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paper, the connection between chemical oceanography and biological productivity. As reported earlier in this paper, Rakestraw had noted (see Shor, 1978):

One of the most striking observations of marine biology is the fact that some parts of the ocean are fertile while other parts are quite barren. There must be chemical factors which determine fertility, and an explanation of this was perhaps the first serious question which oceanographers asked the chemist. In the year 1930 there were probably no more than a dozen professional chemists in the world who were actively interested in the ocean, and practically every one of them was trying to answer this question. (p. 231)

Have John Martin and coworkers answered the question at long last?


The 1950s and 1960s were periods of time when few graduate students actually formally received degrees in chemical oceanography or marine geochemistry. Instead, many who contributed to advances in this arena of research were formally educated for their graduate degrees in chemistry, geology, geochemistry, or physics. Examples from the efforts cited above are Max Blumer, Harmon Craig, Ed Goldberg, Bill Jenkins, John Hunt, Frank Millero, Claire Patterson, and Oliver Zafiriou, to name just a few. Beginning in the late 1960s, formal graduate education in chemical oceanography, marine geochemistry, and marine chemistry expanded, and now a majority of those conducting research in this arena have received formal degrees in chemical oceanography (or marine geochemistry, marine chemistry). However, it is important that research and graduate education in chemical oceanography and marine geochemistry maintain connectivity to the advances in the various areas of chemistry, physics, and geology.

I use personal experience to illustrate the point. My Ph.D. graduate education and thesis research in chemical oceanography was directed by Professor James G. Quinn. Jim was attracted to an assistant professorship position in oceanography at the Graduate School of Oceanography, University of Rhode Island, in the late 1960s because of the emergence of Sea Grant—at that time an NSF effort. He was a biochemist with no training or formal education in oceanography. I recall one of our first meetings to discuss what I would do as part of my Sea Grant-funded graduate research assistantship in the fall of 1968. Jim stated that he did not know very much about oceanography, but that he was knowledgeable about lipid biochemistry and thought that there were some exciting and important things to learn about the chemistry and biochemistry of lipids in the marine environment. He thought that perhaps we could learn about oceanography together. He was correct in both accounts! I benefited greatly in my thesis research and throughout my career, as did others of his students and associates, from Jim Quinn's knowledge of lipid biochemistry.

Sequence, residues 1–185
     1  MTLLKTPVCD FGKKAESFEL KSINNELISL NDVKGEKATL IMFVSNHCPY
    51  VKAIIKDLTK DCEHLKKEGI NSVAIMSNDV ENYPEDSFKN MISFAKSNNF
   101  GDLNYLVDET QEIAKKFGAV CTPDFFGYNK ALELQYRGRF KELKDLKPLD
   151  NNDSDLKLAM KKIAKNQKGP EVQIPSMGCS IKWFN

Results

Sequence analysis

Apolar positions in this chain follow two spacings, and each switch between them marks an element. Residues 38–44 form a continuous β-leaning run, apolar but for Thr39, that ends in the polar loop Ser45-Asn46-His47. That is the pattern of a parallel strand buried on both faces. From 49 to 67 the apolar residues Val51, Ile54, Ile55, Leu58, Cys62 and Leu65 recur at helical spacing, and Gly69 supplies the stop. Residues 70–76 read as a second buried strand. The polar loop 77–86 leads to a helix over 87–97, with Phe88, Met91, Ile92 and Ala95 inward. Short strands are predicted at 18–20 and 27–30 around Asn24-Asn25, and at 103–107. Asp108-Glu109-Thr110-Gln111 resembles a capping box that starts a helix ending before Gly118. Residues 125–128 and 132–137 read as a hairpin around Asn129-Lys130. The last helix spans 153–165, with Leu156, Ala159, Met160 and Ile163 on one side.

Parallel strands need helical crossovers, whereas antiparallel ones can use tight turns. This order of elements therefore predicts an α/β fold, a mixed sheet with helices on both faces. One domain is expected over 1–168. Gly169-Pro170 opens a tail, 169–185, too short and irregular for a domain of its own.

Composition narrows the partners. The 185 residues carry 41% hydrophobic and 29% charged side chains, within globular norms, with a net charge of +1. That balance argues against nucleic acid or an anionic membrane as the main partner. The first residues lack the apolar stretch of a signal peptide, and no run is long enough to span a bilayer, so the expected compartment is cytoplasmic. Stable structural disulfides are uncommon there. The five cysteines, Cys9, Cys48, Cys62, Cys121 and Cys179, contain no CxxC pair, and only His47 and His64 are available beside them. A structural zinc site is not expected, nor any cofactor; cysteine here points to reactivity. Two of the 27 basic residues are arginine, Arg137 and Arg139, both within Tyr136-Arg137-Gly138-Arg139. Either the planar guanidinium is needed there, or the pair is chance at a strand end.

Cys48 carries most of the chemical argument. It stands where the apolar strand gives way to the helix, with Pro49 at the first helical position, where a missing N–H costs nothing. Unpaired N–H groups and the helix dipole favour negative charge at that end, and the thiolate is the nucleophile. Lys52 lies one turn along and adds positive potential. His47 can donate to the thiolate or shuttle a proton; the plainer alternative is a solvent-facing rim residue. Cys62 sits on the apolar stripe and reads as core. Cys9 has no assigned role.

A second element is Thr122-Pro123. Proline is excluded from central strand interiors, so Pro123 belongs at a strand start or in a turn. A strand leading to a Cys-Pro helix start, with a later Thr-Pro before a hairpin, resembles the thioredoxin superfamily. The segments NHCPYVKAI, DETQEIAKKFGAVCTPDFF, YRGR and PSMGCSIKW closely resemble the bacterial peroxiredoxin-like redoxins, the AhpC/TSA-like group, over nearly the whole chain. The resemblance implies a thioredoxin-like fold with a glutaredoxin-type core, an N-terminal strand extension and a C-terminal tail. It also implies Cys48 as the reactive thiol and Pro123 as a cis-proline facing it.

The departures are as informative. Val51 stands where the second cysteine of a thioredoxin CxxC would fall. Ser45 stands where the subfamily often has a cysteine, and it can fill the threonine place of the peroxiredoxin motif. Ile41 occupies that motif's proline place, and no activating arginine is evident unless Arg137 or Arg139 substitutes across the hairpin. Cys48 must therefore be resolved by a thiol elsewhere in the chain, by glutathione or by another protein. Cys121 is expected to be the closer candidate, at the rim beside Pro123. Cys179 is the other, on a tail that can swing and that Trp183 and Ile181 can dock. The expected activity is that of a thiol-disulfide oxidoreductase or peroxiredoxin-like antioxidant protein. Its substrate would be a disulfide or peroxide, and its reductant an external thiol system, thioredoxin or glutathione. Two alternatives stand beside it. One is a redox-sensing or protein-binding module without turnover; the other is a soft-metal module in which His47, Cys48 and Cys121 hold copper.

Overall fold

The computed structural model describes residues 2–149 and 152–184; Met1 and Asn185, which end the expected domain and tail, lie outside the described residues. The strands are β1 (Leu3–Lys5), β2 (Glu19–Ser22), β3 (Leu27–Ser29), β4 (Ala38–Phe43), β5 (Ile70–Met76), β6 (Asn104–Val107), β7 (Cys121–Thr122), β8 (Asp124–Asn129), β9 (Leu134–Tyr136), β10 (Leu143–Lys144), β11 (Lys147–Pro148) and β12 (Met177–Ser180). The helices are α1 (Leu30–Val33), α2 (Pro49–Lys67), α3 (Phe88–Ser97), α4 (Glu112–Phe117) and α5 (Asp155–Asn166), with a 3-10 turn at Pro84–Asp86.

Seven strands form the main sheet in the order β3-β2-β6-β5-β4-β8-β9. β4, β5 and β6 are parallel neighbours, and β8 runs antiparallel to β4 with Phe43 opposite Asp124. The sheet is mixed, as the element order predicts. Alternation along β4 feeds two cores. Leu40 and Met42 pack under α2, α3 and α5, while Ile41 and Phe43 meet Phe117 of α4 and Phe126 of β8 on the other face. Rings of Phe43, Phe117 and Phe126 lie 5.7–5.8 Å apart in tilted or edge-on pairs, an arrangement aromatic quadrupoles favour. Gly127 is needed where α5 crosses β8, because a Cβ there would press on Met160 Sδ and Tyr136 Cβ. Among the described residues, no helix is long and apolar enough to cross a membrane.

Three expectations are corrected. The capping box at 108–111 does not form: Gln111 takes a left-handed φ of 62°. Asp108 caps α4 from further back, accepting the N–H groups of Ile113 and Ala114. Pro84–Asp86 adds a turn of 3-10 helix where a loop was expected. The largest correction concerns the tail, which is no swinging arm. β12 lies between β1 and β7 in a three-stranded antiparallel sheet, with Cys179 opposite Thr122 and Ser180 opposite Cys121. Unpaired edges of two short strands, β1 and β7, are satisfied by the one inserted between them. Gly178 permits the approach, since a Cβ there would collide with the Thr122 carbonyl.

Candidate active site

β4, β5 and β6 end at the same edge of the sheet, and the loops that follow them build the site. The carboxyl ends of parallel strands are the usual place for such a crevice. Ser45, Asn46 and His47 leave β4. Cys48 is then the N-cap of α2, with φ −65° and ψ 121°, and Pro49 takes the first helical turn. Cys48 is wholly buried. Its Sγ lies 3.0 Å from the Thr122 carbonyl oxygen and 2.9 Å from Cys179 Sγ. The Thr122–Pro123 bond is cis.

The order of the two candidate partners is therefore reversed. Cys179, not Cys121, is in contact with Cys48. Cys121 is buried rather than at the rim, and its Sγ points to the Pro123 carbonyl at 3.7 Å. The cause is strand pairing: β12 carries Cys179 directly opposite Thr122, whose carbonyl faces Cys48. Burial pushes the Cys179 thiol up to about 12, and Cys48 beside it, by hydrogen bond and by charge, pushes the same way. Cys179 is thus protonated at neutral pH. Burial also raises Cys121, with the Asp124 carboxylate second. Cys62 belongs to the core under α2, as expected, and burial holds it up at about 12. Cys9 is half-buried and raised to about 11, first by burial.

Although I wholeheartedly support graduate education in chemical oceanography, marine chemistry, or geochemistry, I submit that we will be much poorer in the study of the chemistry of the sea and marine sediments unless we continue to attract people such as Jim Quinn to these studies from other arenas of chemistry and biochemistry.

While on the subject of graduate education, I would be remiss if I did not acknowledge the wonderful practice initiated in 1978 by Neil Anderson and Rodger Baier of NSF and Ed Green of ONR to gather together every two years a cross section of senior graduate students (a year away from their Ph.D.) or recent Ph.D.s in chemical oceanography, geochemistry, and aquatic chemistry in a symposium to share their thesis research and ideas. These "Dissertations in Chemical Oceanography" (DISCO) symposia have enriched early careers to the betterment of chemical oceanography and marine geochemistry.


National Science Foundation, Office of Naval Research, Atomic Energy Commission, Department of Energy, and other agency program managers and staff people support and enable the acceptance, review, and funding of proposals submitted by scientists. More than this,, they work— often tirelessly—behind the scenes to bring the community of chemical oceanographers, marine geochemists, and others together. They have the thankless task of trying to stretch too often inadequate budgets to the maximum benefit of the science. Since this is an NSF-related activity, I confine my citation to those "career" NSF program directors and managers in the Ocean Sciences and IDOE sections with whom I have been acquainted over the years in their support of chemical oceanography and marine geochemistry research— Neil Andersen, Roger Baier, and Michael Heeley. Many scientists who spent one or two years in a temporary rotating appointment assignment at NSF ably assisted them. Dr. Neil Andersen has been recognized formally by [he ocean science community for his important and wide-ranging contributions with the 1994 Ocean Sciences Award from the American Geophysical Union.

In a similar vein, numerous people at various universities, marine laboratories, and oceanographic institutions have provided the administrative, logistical, and laboratory support to enable the research described above. Especially important among these are the officers and crews of the research vessels. I cannot pay tribute to all by name; thus, I will use just two of these many folks as examples from my personal experience. For many years, Emery, on Hiller was master of the R/V Atlantis H and then of R/V Knorr at the Woods Hole Oceanographic Institution. Most chief scien

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